Monarch expands its successful apprenticeship scheme
Posted: 23 January 2017 | International Airport Review | No comments yet
Monarch, a leading UK-based independent airline group, is to increase its intake of apprentices to its Engineering division this year to 22…
Following International Airport Review’s coverage of the talent gap in aviation, we report news from Monarch that its apprenticeship scheme is to be expanded.
Monarch, a leading UK-based independent airline group, is to increase its intake of apprentices to its Engineering division this year to 22.
In addition, it will also increase the number of adult learner traineeships to 12 – giving people already in the job market the opportunity to retrain in aircraft maintenance.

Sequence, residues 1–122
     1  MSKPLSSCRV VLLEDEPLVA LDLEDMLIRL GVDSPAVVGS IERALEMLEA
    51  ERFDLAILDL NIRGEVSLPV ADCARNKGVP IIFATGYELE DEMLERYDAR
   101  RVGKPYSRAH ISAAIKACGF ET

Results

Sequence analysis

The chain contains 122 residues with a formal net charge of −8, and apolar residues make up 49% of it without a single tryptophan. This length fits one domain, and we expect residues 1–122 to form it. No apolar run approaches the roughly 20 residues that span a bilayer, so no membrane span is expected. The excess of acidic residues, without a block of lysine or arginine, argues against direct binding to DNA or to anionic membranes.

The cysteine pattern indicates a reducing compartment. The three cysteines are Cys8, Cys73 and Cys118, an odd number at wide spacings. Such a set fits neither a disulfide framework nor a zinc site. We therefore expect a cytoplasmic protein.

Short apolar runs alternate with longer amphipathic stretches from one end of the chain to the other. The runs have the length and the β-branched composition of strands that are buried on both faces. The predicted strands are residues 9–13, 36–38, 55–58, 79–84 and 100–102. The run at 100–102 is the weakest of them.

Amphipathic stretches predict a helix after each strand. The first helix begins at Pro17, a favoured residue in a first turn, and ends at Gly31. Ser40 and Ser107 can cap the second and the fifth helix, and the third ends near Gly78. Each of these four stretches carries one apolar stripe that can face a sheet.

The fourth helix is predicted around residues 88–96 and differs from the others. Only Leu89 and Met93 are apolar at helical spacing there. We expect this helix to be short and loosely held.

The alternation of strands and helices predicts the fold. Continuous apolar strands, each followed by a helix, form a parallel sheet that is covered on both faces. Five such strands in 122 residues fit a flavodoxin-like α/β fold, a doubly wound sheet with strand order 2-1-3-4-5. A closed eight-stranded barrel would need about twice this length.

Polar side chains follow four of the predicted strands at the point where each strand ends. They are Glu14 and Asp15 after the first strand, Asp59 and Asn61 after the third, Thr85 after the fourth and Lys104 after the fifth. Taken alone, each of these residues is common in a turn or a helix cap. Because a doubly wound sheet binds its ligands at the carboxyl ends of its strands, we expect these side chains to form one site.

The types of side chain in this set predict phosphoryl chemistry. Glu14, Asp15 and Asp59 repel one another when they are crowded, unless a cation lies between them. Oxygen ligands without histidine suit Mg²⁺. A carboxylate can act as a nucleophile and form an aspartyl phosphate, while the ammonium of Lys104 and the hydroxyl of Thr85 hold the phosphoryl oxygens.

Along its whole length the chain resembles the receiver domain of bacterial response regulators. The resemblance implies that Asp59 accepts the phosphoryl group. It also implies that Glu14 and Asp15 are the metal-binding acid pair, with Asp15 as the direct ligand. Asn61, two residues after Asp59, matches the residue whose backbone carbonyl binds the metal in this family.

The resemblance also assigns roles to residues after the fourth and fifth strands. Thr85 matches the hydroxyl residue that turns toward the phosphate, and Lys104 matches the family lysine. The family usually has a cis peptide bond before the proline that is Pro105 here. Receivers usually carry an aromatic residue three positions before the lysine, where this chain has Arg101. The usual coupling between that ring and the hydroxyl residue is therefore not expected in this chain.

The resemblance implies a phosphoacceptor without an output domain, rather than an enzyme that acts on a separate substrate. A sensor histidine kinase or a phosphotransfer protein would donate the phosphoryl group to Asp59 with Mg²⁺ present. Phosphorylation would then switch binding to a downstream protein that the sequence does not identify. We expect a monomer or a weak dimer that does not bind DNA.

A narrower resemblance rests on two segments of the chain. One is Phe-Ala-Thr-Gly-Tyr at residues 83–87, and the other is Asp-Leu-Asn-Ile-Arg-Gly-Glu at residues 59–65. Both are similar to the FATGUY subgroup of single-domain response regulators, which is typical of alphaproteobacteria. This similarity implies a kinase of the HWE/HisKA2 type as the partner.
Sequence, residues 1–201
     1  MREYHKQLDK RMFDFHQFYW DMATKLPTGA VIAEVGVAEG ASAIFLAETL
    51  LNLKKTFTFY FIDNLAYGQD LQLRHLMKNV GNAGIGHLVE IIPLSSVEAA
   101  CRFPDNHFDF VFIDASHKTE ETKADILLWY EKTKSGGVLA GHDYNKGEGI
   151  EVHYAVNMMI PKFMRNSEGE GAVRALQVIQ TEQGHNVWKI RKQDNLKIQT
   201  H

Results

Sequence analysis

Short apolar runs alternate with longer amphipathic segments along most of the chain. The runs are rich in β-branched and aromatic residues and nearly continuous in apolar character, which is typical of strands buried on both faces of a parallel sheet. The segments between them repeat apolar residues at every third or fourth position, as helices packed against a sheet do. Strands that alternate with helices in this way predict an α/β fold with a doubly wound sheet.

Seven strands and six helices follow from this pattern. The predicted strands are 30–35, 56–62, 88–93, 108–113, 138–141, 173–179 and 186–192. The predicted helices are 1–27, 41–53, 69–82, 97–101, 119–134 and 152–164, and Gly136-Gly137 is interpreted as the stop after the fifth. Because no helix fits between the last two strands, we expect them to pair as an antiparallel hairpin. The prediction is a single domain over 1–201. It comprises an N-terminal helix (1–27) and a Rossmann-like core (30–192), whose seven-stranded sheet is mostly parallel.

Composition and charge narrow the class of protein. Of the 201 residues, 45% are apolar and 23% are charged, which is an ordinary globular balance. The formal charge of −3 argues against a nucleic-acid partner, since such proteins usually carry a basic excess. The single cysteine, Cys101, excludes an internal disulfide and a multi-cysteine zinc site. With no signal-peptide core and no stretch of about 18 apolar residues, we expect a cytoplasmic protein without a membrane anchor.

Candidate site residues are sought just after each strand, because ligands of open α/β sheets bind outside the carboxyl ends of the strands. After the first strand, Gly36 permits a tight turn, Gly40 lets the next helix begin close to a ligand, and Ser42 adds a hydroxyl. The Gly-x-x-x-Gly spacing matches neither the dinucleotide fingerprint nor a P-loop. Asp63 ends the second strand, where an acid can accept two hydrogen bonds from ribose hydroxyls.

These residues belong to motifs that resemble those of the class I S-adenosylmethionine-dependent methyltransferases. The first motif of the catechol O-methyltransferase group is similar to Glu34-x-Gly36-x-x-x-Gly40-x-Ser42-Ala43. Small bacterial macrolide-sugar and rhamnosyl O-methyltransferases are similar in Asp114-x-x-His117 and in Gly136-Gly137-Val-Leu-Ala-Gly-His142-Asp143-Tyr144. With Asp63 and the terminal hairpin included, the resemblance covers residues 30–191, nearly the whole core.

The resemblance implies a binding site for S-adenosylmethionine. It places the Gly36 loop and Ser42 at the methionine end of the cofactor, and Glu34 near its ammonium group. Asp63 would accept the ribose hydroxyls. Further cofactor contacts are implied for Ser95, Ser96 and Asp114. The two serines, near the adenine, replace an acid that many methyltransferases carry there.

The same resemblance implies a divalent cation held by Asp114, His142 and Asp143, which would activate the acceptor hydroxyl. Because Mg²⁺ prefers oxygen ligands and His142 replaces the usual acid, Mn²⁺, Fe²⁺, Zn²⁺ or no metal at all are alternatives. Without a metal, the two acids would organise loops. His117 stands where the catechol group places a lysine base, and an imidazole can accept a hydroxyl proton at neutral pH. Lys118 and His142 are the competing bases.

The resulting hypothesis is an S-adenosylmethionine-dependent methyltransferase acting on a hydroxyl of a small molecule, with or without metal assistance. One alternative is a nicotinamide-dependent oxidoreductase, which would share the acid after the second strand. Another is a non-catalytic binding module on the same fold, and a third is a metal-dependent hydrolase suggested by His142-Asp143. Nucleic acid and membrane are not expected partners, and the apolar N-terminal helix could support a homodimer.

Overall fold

Monarch’s apprenticeship scheme has already produced over 760 high calibre engineers.
Now in its 46th year, the hugely successful scheme offered 18 apprenticeship positions in 2016.
The company is also considering ways to raise the profile of STEM subjects to encourage more school-age girls to consider aircraft engineering as a career.
Lee Burgess, now Head of Engineering at Monarch Aircraft Engineering, started as an apprentice on the Monarch scheme in 1988. “Being an apprentice provides an excellent foundation for a career in aviation. Monarch Aircraft Engineering has hangars across the UK and line stations across the UK and Europe. Once you have completed the apprenticeship and learnt your trade, the sky’s the limit – quite literally.”
Pauline Prow, Chief People Officer at Monarch said: “Aircraft engineering is a vital, skilled and rewarding career – although not immediately obvious to many. We hope that by increasing the number of opportunities available to both young people and working adults, we’ll encourage more people to enter this dynamic sector of our economy.”